When informed that Marguerite may have betrayed a friend of Sir Percy’s across the channel, one that leads to an execution, the man has trouble accepting the idea that his new wife might be a traitor. “I know her as I know my own self!” he declares, but those seeds of doubt are already planted.
The more he considers the notion of betrayal, the more it appears it could be true. Marguerite’s possible guilt and the need to do something to help others across the channel inspires the man into action. With his band of merry socialite friends (20 in the book, 11 on Broadway, 8 at Hale) Sir Percy creates his disguise. To everyone in England’s high society, including his wife, he remains the shallow, wealthy dandy, Sir Percy Blakeney. But to those he rescues and to his wily French adversaries, including the bloodthirsty Citizen Chauvelin (Bryan Stewart) who wants him found and executed at all costs, he’s the formidable swordsman and master of disguise, The Scarlet Pimpernel. “If we don’t do this,” Sir Percy tells his avenging partners, “Who will?”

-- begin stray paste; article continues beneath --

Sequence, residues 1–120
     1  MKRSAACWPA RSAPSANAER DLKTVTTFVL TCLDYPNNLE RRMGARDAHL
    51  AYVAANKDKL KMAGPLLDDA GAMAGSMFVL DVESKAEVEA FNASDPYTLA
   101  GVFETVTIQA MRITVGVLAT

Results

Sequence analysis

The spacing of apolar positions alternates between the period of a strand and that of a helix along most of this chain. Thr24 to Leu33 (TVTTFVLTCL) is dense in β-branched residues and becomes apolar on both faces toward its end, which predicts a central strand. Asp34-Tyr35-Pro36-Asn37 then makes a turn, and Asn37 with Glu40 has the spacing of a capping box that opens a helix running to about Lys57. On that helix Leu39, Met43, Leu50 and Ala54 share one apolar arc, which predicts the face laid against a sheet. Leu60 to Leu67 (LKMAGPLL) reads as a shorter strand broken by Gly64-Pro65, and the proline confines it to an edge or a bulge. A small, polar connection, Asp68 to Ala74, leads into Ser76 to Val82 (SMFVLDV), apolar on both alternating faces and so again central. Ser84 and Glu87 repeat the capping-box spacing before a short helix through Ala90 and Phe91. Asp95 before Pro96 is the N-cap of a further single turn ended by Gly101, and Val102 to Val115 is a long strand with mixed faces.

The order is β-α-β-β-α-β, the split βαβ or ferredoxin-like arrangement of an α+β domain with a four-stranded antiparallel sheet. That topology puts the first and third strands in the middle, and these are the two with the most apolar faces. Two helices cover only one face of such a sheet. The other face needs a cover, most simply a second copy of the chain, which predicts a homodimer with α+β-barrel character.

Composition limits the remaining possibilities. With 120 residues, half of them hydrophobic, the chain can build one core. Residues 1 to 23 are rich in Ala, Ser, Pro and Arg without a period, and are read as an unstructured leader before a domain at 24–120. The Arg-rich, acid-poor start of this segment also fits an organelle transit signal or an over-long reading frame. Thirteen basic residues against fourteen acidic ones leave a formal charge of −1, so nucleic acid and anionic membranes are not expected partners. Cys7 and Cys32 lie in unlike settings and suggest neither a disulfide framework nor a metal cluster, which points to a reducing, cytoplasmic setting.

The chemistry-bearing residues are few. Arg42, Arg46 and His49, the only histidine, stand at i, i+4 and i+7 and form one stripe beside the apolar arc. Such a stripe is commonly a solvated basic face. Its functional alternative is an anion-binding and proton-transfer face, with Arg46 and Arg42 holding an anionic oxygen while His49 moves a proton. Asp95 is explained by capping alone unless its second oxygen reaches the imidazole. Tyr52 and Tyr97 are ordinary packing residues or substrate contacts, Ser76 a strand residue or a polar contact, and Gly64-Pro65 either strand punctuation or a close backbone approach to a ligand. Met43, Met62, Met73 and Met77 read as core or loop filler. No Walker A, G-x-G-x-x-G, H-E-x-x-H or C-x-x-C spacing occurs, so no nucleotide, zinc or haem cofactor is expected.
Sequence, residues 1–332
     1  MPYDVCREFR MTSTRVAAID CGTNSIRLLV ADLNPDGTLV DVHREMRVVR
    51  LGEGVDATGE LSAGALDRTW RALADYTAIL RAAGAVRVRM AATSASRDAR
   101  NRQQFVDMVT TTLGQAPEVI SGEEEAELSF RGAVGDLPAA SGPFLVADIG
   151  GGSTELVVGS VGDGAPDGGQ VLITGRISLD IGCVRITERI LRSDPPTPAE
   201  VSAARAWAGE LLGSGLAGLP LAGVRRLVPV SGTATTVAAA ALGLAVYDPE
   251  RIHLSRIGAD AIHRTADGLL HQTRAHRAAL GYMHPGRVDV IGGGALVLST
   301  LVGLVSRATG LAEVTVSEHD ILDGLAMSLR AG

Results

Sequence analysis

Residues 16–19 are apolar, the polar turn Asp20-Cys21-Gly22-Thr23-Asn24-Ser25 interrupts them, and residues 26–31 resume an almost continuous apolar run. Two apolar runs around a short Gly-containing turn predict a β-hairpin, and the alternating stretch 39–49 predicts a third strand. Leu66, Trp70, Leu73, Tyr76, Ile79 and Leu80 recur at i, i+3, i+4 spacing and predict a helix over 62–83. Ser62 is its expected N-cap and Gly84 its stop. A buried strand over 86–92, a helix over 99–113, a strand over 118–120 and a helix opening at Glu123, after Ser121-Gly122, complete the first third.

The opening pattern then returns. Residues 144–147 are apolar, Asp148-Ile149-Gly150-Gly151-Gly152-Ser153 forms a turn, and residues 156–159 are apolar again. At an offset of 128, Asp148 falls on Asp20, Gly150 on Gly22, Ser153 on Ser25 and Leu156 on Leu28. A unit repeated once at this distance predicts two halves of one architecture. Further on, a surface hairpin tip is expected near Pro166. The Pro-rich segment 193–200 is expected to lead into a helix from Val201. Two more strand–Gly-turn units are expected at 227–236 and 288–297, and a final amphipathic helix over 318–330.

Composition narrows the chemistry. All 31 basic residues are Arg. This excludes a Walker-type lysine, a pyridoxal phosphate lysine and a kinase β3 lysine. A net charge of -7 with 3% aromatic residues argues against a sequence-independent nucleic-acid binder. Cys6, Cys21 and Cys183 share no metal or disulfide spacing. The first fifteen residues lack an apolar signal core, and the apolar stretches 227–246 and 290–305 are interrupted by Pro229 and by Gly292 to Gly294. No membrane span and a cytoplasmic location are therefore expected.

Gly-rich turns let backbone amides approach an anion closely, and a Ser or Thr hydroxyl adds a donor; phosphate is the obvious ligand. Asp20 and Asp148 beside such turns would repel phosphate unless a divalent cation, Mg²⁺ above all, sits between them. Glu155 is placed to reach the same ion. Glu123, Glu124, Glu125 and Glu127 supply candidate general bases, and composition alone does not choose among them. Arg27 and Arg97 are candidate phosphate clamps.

What strikes you right from the show’s opening is not so much the score, but how it’s sung. With lyrics from Nan Knighton and music by Frank Wildhorn, with the exception of the show’s signature tune, the rousing Into the Fire, the majority of songs feel somewhat similar on first hearing, particularly the ballads. Possessing a contemporary sound, they’re the kind that would not seem altogether out of place if played on a soft adult FM friendly radio format, covered in the way that Barbra Streisand did with Goya’s If I Loved You. They work within the frame of the show but are gone once the production concludes. But the voices in director Cambrian James’ production are another thing.